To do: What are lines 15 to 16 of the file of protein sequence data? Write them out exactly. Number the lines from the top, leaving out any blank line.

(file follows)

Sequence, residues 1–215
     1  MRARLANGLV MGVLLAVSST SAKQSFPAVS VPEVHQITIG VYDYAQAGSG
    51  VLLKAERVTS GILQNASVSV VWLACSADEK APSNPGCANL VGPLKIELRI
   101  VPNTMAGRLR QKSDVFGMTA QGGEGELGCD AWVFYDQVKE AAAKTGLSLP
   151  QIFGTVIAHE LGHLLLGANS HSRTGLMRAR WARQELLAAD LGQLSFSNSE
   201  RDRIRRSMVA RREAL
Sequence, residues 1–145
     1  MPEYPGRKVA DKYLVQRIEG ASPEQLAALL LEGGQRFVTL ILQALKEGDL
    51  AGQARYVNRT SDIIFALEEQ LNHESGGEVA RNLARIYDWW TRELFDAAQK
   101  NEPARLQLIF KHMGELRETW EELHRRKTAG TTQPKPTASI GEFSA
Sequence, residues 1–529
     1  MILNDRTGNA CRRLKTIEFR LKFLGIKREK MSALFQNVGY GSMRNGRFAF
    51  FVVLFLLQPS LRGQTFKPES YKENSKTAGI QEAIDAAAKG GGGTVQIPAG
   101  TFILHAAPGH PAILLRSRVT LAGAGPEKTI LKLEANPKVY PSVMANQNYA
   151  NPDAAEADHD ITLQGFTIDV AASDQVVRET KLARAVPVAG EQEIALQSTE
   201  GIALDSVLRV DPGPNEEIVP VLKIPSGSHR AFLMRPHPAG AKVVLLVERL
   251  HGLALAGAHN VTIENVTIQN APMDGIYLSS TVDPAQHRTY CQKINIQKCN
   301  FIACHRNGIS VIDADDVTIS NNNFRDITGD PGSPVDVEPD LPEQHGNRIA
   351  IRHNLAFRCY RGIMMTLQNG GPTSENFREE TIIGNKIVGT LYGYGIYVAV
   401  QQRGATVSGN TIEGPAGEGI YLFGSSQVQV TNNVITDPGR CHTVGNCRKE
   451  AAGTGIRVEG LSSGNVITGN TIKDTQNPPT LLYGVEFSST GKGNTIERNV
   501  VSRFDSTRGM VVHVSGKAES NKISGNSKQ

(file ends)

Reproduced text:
   151  NPDAAEADHD ITLQGFTIDV AASDQVVRET KLARAVPVAG EQEIALQSTE
   201  GIALDSVLRV DPGPNEEIVP VLKIPSGSHR AFLMRPHPAG AKVVLLVERL